The Prime Minister said this three weeks ago:
The Taliban must cease all violence against civilians, and adhere to international humanitarian law and the human rights all Afghans are entitled to expect, in particular women and girls.
Easy to say but what does it mean for recognising the Taliban?
Afghanistan under the Taliban meets the criteria for recognition under international law – the Montevideo Convention. However, one option for the Australian Government is to only grant de facto recognition of the Taliban and make it very clear that anything more would be dependent on meeting international human rights conditions, particularly for women and girls. See here for what the Lowy Institute says on this.
It looks likely that the rights of women, gained over 20 years – be in the Afghan Parliament, to work, study, move and just live in peace – will be gone without international pressure.
The inevitable exodus of public servants, academics, and professional people will seriously limit the development of Afghanistan – one of the poorest nations on earth.
The Australian Government should make it clear that formal recognition, diplomatic relations, and aid are conditional on:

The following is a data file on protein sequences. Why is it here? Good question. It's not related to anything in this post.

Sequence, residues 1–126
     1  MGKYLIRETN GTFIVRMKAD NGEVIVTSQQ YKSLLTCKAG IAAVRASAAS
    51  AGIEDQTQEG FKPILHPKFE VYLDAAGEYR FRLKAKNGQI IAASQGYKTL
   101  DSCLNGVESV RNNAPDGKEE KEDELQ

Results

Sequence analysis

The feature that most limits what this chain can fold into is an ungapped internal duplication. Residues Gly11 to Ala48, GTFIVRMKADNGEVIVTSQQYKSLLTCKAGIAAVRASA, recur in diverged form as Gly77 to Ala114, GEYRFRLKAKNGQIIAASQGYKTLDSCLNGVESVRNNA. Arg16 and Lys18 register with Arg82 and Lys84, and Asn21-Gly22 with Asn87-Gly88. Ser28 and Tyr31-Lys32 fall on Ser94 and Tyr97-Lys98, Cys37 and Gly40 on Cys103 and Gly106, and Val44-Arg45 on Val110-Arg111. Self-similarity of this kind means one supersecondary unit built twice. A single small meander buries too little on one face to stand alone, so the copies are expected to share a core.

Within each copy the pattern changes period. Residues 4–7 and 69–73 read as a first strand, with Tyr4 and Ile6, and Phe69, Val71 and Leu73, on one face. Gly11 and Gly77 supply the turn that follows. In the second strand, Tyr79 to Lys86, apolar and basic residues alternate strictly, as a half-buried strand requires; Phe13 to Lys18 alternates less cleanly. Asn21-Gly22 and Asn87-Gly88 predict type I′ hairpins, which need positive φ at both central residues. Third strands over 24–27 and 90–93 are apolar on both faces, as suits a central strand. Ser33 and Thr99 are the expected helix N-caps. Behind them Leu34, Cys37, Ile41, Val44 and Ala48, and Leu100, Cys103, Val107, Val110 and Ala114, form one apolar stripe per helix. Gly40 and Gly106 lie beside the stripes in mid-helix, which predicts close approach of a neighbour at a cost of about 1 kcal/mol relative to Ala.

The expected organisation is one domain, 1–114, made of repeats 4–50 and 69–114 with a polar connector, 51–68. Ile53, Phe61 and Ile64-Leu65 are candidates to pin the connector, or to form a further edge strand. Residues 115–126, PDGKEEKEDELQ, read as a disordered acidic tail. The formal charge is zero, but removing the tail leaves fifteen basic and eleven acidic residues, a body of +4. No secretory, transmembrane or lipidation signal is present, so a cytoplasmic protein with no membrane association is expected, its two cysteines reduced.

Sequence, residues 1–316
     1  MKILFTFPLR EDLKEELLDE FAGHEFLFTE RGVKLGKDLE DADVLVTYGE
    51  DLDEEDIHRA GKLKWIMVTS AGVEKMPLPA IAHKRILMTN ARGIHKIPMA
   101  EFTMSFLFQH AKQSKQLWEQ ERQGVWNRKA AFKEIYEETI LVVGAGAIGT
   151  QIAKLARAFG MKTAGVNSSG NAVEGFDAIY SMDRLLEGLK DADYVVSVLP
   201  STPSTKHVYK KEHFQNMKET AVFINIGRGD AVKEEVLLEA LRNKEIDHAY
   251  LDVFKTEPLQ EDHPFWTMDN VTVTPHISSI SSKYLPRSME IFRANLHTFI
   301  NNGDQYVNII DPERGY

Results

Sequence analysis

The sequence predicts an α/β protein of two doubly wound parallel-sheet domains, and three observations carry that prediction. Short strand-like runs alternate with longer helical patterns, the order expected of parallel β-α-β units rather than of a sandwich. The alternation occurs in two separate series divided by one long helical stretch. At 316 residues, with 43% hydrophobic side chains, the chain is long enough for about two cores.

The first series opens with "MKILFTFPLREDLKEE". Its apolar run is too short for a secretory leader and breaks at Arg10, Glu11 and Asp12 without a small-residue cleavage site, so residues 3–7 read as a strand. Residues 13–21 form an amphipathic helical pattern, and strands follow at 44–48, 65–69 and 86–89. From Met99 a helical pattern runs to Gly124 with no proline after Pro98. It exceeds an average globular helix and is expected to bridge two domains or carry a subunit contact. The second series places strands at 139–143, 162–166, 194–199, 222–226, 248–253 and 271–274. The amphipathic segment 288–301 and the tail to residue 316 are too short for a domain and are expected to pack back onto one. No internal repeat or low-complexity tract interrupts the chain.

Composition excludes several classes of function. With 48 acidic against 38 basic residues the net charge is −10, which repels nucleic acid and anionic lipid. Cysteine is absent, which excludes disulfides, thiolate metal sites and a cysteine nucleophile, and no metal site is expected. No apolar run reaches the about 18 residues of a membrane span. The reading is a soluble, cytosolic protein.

- The equal participation of women in the formation of government
- Women’s rights, as enshrined in Afghanistan’s Constitution, national legislation and international law, being respected, including equal access to justice
- Those employed in government, justice, health, education and other services not being threatened or driven out of Afghanistan
On top of 20 years of war, Afghanistan has been ravaged by drought. Half of all children under five are acutely malnourished. Covid infection rates are under-reported and Afghanistan’s health system lacks even the most basic measures to prevent the spread. Lockdowns are all but impossible in a country with few social safety nets and widespread poverty.
Those living under the brutal Taliban reign for four years to 2001 fear the worst. The Taliban have already signaled that girls will not be educated past the age of 12. The women who were in the Afghan Parliament are clearly at risk, and what of the voices of women now?
The Taliban still has links to ISIS and Al Queda and despite assurances that women and girls will be safe, already they are being threatened by militants if they don’t wear a burqa or leave the house without a male relative. Burqas are hard to come by right now but women may be killed without one. Reports are that sexual enslavement is back with ‘brides’ for the Taliban victors. Afghanistan’s 250 female judges are particularly afraid of men they jailed who have now been freed by the Taliban.
The inevitable exodus of public servants, academics, teachers, and other professional people will seriously limit the development of Afghanistan – one of the poorest nations on earth.